Argeo had always dreamed of competing in the U.S. Olympic Marathon Trials. But, despite being an impressive distance runner during his time at Immokalee High School and Florida Gulf Coast University (FGCU), he would not be allowed to participate in the run, due to his status as a Dreamer.
“I did have a feeling that (not being a U.S. citizen) would be a challenge down the road,” he said in an article for the Naples Daily News, “but for me I was more focused on my time and trying to hit the time standard.”
Argeo came to the United States from Mexico at age 11. He remembers constant fear of deportation and feelings of isolation back then.
“I had a lot of challenges that I guess that made me feel sad,” he said. “Once I joined the sport, I allowed running to be my escape or be like a safe zone for me where I can just feel like everybody else.”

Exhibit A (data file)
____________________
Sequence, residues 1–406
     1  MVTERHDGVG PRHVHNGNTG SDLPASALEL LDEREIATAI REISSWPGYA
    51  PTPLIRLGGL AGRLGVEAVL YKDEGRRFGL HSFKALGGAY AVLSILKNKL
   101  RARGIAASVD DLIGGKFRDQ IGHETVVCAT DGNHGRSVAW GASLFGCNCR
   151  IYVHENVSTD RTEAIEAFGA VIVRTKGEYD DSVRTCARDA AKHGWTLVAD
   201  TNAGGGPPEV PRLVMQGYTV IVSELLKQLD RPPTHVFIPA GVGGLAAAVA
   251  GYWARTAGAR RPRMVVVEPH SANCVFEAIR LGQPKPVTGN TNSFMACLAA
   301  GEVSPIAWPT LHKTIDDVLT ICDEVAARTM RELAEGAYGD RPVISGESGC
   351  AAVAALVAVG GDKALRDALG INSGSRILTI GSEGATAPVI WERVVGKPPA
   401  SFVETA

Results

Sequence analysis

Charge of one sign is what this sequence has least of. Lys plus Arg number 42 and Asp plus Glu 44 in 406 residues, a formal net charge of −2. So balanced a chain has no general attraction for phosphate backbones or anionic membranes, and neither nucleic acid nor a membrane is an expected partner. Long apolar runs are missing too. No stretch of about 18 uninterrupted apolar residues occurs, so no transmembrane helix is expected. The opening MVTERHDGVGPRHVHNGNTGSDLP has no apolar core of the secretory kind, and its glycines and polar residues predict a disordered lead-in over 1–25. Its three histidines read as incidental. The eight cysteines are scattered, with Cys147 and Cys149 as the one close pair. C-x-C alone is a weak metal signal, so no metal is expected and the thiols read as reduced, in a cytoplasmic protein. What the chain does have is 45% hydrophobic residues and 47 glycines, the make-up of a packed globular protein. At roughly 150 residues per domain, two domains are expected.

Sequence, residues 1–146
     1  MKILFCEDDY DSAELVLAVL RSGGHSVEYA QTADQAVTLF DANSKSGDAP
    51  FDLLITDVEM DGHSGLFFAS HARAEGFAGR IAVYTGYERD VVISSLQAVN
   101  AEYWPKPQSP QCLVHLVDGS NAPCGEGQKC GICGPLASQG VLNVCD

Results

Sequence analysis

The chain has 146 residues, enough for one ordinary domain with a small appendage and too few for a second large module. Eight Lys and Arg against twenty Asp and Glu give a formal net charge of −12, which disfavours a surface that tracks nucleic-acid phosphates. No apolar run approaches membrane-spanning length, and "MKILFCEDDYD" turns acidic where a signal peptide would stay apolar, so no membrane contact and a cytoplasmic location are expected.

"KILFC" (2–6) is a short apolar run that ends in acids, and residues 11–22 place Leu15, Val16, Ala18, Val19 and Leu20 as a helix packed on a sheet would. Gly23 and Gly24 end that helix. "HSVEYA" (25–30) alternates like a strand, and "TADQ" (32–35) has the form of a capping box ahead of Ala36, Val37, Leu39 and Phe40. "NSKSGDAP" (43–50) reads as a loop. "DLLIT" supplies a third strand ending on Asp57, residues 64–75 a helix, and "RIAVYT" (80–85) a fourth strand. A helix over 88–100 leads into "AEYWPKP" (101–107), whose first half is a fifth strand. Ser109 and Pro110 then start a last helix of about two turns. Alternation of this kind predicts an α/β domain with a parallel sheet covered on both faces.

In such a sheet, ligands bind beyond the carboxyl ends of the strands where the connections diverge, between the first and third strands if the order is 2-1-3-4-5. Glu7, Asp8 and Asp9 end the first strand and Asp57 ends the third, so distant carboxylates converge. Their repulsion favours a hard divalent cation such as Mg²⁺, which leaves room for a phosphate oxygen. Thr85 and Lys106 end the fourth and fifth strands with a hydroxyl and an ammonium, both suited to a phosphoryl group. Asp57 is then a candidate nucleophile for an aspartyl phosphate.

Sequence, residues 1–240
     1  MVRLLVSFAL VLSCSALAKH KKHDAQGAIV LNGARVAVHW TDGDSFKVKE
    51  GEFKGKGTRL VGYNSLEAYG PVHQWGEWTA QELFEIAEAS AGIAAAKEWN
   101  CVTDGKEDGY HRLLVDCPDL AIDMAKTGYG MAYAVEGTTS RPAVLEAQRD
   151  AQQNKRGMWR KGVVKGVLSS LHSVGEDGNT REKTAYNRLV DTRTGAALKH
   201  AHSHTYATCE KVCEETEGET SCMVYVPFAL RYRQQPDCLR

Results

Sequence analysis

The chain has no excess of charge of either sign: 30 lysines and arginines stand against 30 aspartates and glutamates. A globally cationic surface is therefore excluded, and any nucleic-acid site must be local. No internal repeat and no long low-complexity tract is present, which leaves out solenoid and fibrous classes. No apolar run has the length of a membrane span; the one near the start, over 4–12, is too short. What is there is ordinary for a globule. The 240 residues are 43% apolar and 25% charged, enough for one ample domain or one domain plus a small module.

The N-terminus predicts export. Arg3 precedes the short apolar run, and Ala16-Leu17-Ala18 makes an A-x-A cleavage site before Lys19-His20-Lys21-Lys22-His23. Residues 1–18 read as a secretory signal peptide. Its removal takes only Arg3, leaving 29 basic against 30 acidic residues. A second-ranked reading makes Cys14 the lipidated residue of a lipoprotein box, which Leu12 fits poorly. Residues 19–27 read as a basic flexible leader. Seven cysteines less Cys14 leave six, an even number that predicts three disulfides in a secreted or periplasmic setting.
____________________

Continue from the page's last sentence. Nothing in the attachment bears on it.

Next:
Running was indeed his outlet. While he joined a cross-country team in middle school at the insistence of his friends, it has since become his way of life: first earning him a place on FGCU’s track team, and now a job as an assistant cross-country coach at his alma mater.
“FGCU means so much for me,” he said. “There’s a lot of good people, a lot of caring people that are there to help. Having that environment really helped me excel as a student-athlete. That’s one of the reasons I’m still there. I see it as a great work environment for anybody.”
While Argeo has appealed to U.S. Track and Field to be allowed to compete in the U.S. Olympic Marathon Trials, so far the response has not been hopeful. Still, he is pushing through and continuing his training.
“I’m still going to do my best every day and try not to let the whole idea, of having an, I guess, unpredictable future try to distract me from trying to achieve my best every day,” he said. “I’m still going to be running and I’m still going to pursue the trials for 2024.”